June 30th, 2007
So I finally got through all the relevant sections of McKusick’s book and completed a first pass through MS’ FAT specification (v1.03).Â Modeling UFS userspace fsck and UFS geom label detection, I’ve decided that the headers should live in sys/fs/msdosfs, but I’ll be following the naming conventions in structs defined in sys/geom/label/g_label_msdosfs.h.Â The reasoning is simple: it’s what the specification uses.
To setup an appropriate branch that lets me edit sys/ and things in sbin/, I made a new directory within the perforce project/soc2007 directory because there didn’t appear to be a straightforward way of respecifying the branch specification (using a g4 branch and a g4 integrate didn’t seem to produce the desired result).
The only problem of decoding all the copies of different structures is that the specification doesn’t cover every format in sys/fs/msdosfs/*.h, but everything is pretty similar to begin with anyway.Â We’ll see how I do.
June 21st, 2007
Turns out there’s a design and implementation book for FreeBSD, The Design and Implementation of FreeBSD (amazon link). This is so cool! Thanks to those who helped me find it.
June 19th, 2007
Over the weekend, many suggested that I use 7.0 as the host system so I wouldn’t have to worry about toolchains and such. So I tried doing that today, and, unfortunately for me, qemu page faults to a non-existent page upon startup. I guess this won’t work about this way.
I also realized that before I start making changes I’d better read up on FreeBSD VFS layers. A similar question for VFS information was posted on the freebsd-hacker list a few years back, and the replies came back with several papers on the interface and a book – Design and Implementation of the 4.4 BSD Operating System – which I’ll see if I can borrow from somewhere.
An oddity I stumbled upon: while trying to scope how much it would take to get fsck to call fsck_msdosfs when appropriate (a recommendation from someone that I didn’t document), I found that fsck seems to defer the decision of which filesystem is being read to a couple of libc calls: getfsfile() and getfsspec(). There must be a reason for wanting to implement this in userspace instead of kernelspace, and I wonder what that is.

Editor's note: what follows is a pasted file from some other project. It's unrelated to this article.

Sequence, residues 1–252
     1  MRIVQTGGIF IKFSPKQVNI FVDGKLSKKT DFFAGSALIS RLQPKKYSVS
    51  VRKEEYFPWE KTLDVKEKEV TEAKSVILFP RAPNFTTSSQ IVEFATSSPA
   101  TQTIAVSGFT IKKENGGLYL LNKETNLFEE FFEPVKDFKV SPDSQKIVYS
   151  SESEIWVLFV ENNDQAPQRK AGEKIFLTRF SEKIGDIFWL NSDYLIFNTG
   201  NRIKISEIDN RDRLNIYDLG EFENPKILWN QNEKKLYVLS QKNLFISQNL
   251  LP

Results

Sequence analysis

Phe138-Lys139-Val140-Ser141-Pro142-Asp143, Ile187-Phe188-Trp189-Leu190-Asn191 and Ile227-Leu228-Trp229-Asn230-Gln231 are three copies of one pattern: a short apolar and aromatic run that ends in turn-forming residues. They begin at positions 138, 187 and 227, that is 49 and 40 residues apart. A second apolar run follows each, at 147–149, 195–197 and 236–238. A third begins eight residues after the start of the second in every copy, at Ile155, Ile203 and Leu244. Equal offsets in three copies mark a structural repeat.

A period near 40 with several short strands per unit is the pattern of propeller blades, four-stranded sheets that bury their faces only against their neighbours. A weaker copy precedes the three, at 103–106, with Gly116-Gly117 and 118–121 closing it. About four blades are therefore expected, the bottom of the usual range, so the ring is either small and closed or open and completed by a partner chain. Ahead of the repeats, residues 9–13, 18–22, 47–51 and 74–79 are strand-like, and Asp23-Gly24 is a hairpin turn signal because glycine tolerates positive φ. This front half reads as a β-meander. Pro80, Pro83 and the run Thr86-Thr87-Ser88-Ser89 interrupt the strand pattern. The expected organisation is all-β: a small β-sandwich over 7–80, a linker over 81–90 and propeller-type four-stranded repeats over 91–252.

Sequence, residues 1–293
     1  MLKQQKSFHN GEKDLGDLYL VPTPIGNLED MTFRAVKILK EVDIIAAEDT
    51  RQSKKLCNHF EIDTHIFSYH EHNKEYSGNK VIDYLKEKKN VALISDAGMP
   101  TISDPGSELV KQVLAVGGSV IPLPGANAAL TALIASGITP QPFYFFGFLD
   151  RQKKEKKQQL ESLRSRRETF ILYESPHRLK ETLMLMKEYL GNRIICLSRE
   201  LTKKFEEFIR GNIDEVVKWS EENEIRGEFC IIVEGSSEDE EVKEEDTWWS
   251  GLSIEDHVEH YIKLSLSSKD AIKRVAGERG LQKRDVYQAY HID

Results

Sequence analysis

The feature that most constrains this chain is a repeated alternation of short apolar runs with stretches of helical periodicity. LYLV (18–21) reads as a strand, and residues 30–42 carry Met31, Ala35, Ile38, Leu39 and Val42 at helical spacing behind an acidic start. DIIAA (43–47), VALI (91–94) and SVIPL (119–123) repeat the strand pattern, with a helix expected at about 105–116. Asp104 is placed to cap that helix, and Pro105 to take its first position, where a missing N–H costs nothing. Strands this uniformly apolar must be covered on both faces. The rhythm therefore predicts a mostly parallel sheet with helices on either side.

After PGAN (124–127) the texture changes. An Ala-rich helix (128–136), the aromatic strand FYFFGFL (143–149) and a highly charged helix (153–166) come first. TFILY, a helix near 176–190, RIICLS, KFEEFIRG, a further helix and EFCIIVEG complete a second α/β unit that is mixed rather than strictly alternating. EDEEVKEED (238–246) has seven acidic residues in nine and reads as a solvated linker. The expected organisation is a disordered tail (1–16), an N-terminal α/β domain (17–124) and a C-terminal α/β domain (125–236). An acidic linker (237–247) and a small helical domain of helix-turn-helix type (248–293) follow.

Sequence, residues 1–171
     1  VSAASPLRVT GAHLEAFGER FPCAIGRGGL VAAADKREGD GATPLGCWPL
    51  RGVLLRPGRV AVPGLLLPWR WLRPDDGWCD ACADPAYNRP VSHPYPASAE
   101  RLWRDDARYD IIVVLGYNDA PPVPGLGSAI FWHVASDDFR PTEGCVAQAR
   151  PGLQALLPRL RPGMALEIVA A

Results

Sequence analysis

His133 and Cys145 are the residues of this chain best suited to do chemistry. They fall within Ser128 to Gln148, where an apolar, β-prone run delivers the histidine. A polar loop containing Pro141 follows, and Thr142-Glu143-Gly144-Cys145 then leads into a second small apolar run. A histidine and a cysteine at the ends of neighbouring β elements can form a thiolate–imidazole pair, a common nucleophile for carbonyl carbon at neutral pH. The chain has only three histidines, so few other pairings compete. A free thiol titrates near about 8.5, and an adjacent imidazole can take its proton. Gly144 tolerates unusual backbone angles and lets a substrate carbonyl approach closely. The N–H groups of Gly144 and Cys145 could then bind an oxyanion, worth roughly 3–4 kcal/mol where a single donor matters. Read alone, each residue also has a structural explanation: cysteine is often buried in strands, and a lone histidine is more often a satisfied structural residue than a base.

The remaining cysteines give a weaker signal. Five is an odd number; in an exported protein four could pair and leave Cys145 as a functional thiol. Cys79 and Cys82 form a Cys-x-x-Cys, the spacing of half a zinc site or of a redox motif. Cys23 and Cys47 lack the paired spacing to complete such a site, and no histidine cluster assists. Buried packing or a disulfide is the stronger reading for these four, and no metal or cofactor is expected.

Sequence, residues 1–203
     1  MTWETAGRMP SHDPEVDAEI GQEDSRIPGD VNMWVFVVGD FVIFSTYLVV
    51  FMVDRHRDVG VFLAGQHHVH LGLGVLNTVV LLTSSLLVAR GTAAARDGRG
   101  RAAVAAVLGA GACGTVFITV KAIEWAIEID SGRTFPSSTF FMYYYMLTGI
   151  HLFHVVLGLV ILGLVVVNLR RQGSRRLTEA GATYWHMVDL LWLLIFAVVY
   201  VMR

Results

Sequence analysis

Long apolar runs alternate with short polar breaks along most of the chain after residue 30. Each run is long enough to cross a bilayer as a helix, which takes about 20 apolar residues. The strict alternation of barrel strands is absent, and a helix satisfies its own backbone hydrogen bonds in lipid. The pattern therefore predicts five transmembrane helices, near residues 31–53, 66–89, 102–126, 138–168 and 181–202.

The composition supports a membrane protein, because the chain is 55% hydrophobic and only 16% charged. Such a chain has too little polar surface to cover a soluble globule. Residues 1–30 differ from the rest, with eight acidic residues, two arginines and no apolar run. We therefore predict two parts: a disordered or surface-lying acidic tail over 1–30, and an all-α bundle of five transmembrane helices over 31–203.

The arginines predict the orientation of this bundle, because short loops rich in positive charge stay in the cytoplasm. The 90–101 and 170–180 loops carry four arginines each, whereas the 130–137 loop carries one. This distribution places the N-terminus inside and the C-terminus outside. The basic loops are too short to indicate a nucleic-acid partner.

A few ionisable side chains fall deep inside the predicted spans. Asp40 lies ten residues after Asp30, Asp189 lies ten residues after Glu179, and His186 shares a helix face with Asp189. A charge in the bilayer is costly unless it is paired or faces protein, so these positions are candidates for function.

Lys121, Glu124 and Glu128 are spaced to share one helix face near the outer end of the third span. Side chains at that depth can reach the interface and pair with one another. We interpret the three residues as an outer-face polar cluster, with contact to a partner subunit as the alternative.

I also took a look at where the msdosfs structures were declared (a recommendation from Poul-Henning Kamp), and found that his intuitions were correct. Three places where the msdosfs structures are independently declared are:
Back to reading!
June 18th, 2007
So the 7.0 latest Perforce compiles with the GENERIC config and boots in bochs!Â That was my goal for today so I’m going to stop and sleep.
Next I’ll try to figure out why my config made it break (I mean, I’ve compiled several 6.2 kernels using similar methods for stripping out features and I didn’t have any problems at all).
June 18th, 2007
Not much as happened in the last 12+ hours. (Except maybe where I hosed my guest’s /usr directory *tree*, which was very fun.) Most of it (some 8 hours) were spent on the following hurdle: I kept getting config(8) version mismatches. I had hoped to use 6.2 as the host and emulating 7.0 as the guest, while using 6.2’s toolchain to compile 7.0 code (if it worked). Turns out there’s a trick step: either just use buildworld to build the toolchain (which I originally avoided because I thought I had to install the binaries into my 6.2 instance) or just build src/usr.sbin/config and install it. Thanks to all those on IRC for your help (cpet, whack-, constant, Darius). I should’ve asked this at 3pm today instead of 11pm.